Sonja is a joy to have around.  She rhapsodizes about the healing energy that is coursing through her veins and how difficult it is to open a can and then she says Mario’s name so often that I would have kicked her out of my house and only deigned to allow her to squat on my front stoop because what kind of fucked up friend constantly brings up the name of the man who destroyed you publicly?  Ramona looks like she is being pummeled in the stomach every time Sonja mentions Mario, but she somehow manages to stay calm, and the nicety of her composure is actually beginning to freak me out because it’s so alarmingly out of character for her but my concern was for naught because the insanity is still there and it will come seeping out of her pores later that night and it will smell like Ramona Pinot Grigio and Xanax mixed with the scent of sweat because she knows that people have finally seen through her.

Over at Luann’s cozy home, a very young and scruffy chef is preparing appetizers for the housewarming party and into the kitchen stumbles Carole, who does a literal double-take when she sees the handsome guy standing in front of the refrigerator.  At first I thought that maybe she was just dumbfounded at the sight of a refrigerator actually filled with stuff like food, but no – it was the guy she was reacting to and it didn’t matter at all that he is about thirty years younger than she is or that he has made his life’s work about things she knows absolutely nothing about – you know, ingredients.  None of it matters because that guy is there and he’s cute and now it’s on and Luann’s son ignores the sexual tension in the room and continues rolling meatballs while rocking the kind of mustache I haven’t seen since watching Boogie Nights.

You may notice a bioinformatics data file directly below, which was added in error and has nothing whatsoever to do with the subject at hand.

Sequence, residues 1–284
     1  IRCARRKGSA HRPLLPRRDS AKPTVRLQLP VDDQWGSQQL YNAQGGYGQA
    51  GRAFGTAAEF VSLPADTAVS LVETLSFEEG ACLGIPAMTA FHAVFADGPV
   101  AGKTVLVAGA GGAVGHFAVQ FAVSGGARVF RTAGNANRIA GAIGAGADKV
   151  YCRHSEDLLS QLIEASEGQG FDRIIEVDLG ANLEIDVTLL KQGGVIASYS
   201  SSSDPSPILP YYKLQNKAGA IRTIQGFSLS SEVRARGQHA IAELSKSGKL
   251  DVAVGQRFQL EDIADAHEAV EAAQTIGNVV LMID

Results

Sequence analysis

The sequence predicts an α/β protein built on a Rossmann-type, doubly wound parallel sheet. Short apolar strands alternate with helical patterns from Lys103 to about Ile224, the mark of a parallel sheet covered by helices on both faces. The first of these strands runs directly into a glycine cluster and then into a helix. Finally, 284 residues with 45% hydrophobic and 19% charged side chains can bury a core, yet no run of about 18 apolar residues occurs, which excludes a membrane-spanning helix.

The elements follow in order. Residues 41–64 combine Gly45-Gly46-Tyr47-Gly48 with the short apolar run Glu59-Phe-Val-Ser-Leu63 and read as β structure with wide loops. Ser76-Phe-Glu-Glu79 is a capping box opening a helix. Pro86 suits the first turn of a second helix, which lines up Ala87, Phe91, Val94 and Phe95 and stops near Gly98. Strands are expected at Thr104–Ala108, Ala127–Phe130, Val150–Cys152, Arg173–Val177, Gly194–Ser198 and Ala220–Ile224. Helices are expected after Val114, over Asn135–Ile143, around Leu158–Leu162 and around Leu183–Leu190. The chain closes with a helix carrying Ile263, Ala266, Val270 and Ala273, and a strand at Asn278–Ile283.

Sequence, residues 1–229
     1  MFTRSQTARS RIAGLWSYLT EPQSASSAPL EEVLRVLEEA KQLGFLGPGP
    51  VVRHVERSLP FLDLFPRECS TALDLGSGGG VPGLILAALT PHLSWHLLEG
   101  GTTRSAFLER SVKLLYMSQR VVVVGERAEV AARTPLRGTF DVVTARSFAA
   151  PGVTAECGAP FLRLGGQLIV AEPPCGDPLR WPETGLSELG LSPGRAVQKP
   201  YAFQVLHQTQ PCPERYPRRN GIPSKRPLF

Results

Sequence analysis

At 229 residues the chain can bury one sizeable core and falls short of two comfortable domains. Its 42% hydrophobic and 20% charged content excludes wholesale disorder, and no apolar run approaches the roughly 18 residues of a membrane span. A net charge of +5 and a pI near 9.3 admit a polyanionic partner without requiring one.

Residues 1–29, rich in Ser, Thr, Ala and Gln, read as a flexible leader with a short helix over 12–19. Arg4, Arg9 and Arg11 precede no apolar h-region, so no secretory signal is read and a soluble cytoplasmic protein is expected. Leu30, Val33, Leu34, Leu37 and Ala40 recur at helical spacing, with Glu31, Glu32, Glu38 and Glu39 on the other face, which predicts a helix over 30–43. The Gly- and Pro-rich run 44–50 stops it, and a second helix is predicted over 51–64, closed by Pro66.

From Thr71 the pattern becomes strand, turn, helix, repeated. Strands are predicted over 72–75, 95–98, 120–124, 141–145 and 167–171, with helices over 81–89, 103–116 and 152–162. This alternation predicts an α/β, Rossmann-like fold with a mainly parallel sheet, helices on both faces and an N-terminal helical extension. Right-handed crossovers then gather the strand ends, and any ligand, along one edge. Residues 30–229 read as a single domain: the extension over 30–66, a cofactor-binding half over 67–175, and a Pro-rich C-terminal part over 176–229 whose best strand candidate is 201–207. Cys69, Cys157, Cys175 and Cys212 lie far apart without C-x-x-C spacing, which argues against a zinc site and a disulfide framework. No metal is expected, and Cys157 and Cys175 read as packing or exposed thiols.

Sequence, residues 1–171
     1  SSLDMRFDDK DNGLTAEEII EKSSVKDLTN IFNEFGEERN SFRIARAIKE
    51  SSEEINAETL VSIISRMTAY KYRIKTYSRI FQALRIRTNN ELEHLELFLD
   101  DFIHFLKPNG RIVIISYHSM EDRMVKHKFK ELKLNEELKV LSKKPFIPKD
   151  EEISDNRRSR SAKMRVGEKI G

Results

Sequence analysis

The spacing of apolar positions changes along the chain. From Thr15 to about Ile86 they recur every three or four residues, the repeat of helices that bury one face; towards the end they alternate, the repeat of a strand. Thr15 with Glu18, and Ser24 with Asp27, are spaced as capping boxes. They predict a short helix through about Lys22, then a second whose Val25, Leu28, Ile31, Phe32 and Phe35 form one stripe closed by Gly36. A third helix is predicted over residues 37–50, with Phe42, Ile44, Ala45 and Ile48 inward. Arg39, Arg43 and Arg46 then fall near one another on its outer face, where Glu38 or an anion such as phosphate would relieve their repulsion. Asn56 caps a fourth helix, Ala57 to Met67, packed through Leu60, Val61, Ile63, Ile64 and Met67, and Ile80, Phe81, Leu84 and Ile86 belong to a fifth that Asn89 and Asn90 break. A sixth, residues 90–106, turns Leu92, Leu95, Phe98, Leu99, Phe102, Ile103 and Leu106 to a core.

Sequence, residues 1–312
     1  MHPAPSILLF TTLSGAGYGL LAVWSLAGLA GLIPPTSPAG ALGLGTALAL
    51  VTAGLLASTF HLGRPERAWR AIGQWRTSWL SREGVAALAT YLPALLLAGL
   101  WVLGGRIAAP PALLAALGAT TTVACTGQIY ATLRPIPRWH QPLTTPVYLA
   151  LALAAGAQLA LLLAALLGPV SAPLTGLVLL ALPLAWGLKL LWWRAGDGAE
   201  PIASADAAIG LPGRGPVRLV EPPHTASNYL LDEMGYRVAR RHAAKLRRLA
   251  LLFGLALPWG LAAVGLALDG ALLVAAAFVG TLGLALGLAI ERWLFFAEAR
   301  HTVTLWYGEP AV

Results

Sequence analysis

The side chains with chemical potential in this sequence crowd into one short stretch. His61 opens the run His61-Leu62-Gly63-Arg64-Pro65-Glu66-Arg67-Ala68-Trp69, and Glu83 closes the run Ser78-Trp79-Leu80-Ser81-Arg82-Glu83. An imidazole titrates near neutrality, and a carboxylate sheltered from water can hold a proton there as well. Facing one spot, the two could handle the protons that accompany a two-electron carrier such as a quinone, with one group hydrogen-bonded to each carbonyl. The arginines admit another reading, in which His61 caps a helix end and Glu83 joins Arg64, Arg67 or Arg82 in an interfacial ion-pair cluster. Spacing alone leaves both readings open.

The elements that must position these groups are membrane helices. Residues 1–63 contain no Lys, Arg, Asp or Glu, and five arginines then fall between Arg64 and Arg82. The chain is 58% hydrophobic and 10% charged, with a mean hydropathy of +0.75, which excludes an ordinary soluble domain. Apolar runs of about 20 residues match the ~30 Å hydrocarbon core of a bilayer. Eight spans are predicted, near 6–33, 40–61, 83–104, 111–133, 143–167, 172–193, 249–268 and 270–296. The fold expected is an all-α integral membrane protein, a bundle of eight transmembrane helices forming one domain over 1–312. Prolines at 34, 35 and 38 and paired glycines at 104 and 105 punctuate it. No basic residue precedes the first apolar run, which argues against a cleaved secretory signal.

But away from the laziness that comes with lounging at a beautiful house with a hot chef and gorgeous views is Bethenny, who is stuck in the back of her car, a loyal and hopefully well-compensated assistant at her side.  Bethenny is grumpy and she’s frenetic and she wants to know why her driver is doing that weird thing where he stops at red lights.  Now here’s the thing:  I have always really liked Bethenny and I’m still in a place where I’m actually willing to admit that.  I liked her snappy comebacks and the fact that she was a one-woman firing squad with an enormous arsenal of bullets always at the ready but something about her now feels off to me.  The wittiness is still there, but it’s not the same.  There is a palpable hardness to Bethenny now, and no amount of tearing up because she’s homeless is softening how she is coming across.  Her patter is too quick.  Her inflections are out of whack.  Her jokes aren’t landing the same way they used to land and her jaw is so defined due to her unneeded weight loss that she comes off more marionette than human.  The entire thing is disconcerting as hell, and as the car barrels towards Luann’s home in the Hamptons, I’m pretty sure that the studio scoring normally heard in a slasher film began to play through my mind.